“Roofline” loft conversions
With this type of conversion, we would create a room/rooms within the existing shape of the roof at present using Velux windows for light and ventilation. With this type of conversion, we would not extend or alter the existing shape of the roof at present.
Normally, planning permission is not required for this type of conversion. However, a full set of Architect’s plans would be necessary along with the designs of a Structural Engineer and subsequent calculations to verify designs. This will be necessary to justify all current building regulations.
However, if your property is in a conservation area, there may be restrictions on the design and shape of the Velux windows to be installed.
“Dormer” loft conversions
Dormer’s have been referred to in many different ways, Dormer windows, Dormer extensions, roof extensions, attic extensions.
A brief description of a Dormer would be an extension of an existing roof shape. Consider a most typical terraced property/town house where the roof would start at the gutters at the front of the house rising to the Apex, the ridge in the centre of the house, then falling again down to the gutters at the back of the house. This most typical roof shape does not usually produce a substantial habitable room, unless the house is unusually large. So with this type of roof structure, it would be advisable to extend the roof and create a Dormer (usually to the rear of the property.)
The size, shape and general design of this or any other Dormer can vary greatly. This type of conversion may also not require planning permission. Householders have what is known as a permitted development allowance. This permitted development allowance is usually measured in cubic metres. The amount allowed (cubic metres) varies from property to property. Generally, the allowance would be between 50 and 70 cubic metres or 20% of the overall volume of the property.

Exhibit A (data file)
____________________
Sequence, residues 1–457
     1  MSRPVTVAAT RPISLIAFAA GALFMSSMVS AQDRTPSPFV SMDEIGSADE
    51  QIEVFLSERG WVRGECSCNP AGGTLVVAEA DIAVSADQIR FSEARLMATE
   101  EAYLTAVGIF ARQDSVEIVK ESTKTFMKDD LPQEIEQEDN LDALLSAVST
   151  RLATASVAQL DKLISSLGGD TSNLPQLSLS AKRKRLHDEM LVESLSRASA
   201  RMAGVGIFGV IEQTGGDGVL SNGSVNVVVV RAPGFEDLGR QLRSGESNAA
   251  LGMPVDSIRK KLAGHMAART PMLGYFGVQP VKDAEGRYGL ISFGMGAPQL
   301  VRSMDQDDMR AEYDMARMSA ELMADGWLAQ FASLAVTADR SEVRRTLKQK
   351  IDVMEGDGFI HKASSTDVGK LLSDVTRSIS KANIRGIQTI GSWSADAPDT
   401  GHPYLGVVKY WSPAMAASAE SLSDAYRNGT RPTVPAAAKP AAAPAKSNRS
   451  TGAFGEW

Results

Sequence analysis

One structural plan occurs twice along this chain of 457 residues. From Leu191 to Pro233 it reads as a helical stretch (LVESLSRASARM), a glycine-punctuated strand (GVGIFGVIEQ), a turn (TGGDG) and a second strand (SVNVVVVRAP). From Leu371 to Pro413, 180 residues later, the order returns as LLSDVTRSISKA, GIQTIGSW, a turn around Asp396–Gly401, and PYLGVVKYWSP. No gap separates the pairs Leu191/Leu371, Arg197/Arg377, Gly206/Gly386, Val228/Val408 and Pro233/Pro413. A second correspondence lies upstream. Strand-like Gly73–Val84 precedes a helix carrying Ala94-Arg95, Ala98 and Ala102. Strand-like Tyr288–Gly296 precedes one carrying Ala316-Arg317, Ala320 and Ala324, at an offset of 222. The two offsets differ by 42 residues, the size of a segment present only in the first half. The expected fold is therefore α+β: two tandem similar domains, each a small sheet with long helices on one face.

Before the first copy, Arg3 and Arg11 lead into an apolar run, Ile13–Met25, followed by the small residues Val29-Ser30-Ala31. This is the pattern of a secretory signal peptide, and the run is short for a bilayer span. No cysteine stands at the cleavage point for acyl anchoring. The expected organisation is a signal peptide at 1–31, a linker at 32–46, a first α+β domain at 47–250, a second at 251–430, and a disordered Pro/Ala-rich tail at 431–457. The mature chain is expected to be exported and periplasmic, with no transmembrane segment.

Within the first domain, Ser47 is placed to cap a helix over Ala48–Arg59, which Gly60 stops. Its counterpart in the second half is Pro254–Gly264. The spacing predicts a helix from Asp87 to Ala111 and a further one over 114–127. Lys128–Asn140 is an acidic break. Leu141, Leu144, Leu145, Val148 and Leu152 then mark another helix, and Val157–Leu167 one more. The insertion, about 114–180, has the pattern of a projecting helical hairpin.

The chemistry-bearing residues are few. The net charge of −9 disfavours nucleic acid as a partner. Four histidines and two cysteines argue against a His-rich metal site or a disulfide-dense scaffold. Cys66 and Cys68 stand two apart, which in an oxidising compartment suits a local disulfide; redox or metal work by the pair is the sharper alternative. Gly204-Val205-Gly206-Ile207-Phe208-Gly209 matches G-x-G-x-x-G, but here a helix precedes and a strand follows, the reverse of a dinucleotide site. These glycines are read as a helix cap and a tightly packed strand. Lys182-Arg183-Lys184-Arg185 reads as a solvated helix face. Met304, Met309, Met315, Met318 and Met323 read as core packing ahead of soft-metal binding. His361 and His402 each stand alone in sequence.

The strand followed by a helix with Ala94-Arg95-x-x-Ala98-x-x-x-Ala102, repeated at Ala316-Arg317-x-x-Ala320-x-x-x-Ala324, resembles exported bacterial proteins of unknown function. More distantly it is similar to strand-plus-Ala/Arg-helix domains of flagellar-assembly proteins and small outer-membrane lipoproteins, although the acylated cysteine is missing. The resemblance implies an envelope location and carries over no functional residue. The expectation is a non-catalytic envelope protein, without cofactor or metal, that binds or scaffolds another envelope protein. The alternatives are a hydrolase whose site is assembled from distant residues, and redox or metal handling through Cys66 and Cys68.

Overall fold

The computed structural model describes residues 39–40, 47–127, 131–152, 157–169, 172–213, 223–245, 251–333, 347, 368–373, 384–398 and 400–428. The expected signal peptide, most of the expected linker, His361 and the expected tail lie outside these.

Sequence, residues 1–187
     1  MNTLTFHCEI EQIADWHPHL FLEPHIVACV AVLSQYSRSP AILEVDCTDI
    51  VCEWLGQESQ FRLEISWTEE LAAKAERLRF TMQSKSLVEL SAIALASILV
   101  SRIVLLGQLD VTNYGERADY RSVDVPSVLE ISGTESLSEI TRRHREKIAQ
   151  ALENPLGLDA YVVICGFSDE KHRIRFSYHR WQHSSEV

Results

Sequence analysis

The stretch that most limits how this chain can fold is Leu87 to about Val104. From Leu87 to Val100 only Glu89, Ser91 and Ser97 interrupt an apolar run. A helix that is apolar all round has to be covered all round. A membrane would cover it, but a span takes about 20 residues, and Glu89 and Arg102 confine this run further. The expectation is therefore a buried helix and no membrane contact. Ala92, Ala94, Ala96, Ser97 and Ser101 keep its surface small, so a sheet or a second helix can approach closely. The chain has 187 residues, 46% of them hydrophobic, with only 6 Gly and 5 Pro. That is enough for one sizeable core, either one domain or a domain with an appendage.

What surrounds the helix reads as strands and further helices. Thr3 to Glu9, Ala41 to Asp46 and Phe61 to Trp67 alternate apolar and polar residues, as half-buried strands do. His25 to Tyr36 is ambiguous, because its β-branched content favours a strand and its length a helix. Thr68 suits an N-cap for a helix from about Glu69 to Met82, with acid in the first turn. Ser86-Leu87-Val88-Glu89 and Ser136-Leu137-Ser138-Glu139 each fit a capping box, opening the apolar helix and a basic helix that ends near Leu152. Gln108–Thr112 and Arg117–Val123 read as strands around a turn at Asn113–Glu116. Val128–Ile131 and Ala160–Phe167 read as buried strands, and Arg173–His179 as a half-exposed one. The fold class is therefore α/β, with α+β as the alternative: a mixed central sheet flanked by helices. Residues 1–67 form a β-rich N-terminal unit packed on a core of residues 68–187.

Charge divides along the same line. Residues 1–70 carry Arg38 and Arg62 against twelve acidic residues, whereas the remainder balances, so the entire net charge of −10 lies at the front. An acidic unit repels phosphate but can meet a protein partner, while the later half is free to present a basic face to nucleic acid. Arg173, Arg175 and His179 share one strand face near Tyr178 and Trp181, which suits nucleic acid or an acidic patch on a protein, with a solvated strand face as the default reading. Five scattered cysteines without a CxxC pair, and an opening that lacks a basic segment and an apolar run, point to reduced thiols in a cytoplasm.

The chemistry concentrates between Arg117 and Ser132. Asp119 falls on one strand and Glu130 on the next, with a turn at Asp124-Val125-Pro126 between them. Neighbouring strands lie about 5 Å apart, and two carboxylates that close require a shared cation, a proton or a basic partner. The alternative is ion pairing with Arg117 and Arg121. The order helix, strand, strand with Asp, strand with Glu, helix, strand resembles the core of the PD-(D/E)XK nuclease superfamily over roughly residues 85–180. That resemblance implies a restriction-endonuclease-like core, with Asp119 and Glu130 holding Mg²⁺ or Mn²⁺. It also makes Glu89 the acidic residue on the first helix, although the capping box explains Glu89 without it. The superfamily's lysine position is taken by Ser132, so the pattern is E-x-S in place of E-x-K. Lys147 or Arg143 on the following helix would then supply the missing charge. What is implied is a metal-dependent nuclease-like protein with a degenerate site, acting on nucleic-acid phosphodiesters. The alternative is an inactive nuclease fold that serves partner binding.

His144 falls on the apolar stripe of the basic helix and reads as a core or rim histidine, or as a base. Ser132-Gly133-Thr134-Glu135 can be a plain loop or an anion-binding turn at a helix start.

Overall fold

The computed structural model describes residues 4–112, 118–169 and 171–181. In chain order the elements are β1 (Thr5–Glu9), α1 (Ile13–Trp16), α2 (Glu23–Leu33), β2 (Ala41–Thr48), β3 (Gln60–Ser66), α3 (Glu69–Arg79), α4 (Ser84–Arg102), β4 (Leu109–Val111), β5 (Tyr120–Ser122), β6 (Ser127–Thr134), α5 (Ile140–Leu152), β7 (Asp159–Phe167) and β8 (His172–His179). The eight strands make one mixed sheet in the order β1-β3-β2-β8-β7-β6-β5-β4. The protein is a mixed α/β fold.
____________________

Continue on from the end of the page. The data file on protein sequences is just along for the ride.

Please note, there are further guidelines whilst trying to identify if your project would be allowed under permitted development rights. These are;
No part of the new structure must rise any higher than the existing highest part of the roof at present (usually the ridge line.) Looking down on a plan, no part of this new structure must exceed the current floor plan boundary. The property must not be in a conservation area.
Again, as per roof line conversions, even if planning permission is not required, Architect’s plans along with Structural Engineers calculations will be necessary to conform and to comply with the current building regulations.